This was a discussion yesterday on Twitter, after Stephen posted his blood pressure [presumably from a checkup], and then a variety of us were discussing blood pressure and such. For those who don’t know, Mom had a severe stroke in 2000; we are blessed to still have her with us. The last couple of years, I’ve been cognizant of my blood pressure and working to reduce it with medication and lifestyle changes. [The former has had far better effect, but I’m working on the latter.]
I use an Omron automatic blood pressure monitor to check mine, and I try to measure it twice a day: in the morning after I awaken, and sometime after dinner. I keep my unit near my desk, and I will wait until I have been seated at my desk for ten to fifteen minutes before I break out the cuff. [I’ve been out here at my desk for about a half-hour after waking up, reading email and generally plugging back into the Internet.] The Omron has a memory for logging, but I choose to use my iPhone for the logging. I use IncisiveGeek’s BP Tracker, available for $1.99 in the App Store. It’s handy, and I can snag readings when I’m at the doctor’s office, too. In fact, I usually get appreciative looks from the nurse when I ask, “Hey, what was my BP and pulse rate?” and start tapping it into the screen.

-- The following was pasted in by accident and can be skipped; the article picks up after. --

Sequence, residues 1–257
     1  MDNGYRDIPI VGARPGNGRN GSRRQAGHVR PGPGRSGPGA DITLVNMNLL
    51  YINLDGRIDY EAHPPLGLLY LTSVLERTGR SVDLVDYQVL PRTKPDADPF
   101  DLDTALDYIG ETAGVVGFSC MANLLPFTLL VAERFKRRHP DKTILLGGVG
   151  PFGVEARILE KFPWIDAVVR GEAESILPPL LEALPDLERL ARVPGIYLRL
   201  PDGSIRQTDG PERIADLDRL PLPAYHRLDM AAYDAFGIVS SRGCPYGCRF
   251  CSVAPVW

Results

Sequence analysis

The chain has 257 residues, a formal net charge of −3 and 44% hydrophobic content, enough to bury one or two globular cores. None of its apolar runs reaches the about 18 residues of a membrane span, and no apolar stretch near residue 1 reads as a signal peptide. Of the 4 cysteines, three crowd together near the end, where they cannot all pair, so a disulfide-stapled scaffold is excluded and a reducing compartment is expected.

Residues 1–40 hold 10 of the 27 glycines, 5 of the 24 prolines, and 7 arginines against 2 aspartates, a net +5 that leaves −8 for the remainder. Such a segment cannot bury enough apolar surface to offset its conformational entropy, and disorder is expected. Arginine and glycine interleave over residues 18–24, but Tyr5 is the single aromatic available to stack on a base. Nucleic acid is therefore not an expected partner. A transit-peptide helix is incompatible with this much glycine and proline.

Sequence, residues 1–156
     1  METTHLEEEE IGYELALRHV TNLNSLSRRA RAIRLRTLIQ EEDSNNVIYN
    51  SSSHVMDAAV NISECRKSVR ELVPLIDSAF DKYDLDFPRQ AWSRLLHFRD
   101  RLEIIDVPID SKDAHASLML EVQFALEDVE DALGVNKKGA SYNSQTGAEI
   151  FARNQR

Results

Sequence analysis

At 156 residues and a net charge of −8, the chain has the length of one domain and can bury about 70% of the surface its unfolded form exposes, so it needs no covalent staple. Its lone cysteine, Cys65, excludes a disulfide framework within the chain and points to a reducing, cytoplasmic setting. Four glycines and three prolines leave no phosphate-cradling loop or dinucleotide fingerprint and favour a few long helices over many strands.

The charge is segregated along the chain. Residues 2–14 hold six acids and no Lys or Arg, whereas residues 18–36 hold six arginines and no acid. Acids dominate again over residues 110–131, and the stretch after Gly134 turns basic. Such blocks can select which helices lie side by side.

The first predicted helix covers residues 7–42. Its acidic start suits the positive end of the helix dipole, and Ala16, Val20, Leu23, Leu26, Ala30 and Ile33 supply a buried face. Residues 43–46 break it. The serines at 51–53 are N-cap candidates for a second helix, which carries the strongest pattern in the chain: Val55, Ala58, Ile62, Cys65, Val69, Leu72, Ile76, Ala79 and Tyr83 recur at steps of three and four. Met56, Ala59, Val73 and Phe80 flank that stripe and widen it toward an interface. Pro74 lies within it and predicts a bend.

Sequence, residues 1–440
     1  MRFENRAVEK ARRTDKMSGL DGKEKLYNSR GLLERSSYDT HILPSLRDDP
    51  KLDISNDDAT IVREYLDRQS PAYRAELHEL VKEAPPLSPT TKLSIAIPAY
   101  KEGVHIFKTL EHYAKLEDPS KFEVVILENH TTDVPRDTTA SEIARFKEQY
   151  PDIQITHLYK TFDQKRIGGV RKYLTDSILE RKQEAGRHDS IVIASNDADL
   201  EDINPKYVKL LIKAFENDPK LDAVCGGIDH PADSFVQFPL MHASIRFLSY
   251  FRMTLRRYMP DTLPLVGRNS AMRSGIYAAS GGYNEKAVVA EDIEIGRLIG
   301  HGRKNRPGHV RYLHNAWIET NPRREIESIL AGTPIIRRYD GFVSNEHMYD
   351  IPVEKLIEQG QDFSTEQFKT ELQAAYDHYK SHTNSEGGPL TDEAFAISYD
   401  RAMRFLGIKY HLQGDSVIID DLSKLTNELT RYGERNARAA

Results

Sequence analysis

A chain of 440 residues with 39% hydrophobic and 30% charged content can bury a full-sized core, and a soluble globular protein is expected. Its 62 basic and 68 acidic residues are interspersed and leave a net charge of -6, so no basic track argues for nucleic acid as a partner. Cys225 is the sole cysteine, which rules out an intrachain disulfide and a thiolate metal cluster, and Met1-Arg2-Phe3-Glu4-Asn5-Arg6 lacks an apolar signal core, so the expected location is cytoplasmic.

For those who are curious, which includes my mother … since 24 Oct, when I started using this app, I’m running 128/75 on average. A little higher than I’d like, but given how crappy work has been of late, I’ll take it.
As a sidenote: right around the first of the year, I decided to hit Starbucks up early in the evening [don’t ask why; I don’t have a good answer]. That was a terrible choice for me, personally—my systolic spiked 25% because of the espresso, and my diastolic was up 30%. Standard levels of caffeine are generally not dangerous for me, but … whatever turbo fuel was in that cup made me feel just horrible. When I was feeling that bad, I took the reading, confirming that my BP spiking is why I felt like crap. Blood pressure is called the silent killer, but it’s really not that hard to listen to your body, folks.
[Note: this is not to say that Starbucks is bad for you, or that they were trying to kill me with that peppermint mocha. It’s just that I clearly have a sensitivity to espresso now that I have largely weaned myself from caffeine. Knowing what doesn’t work for your body is as important as knowing what does work for it.]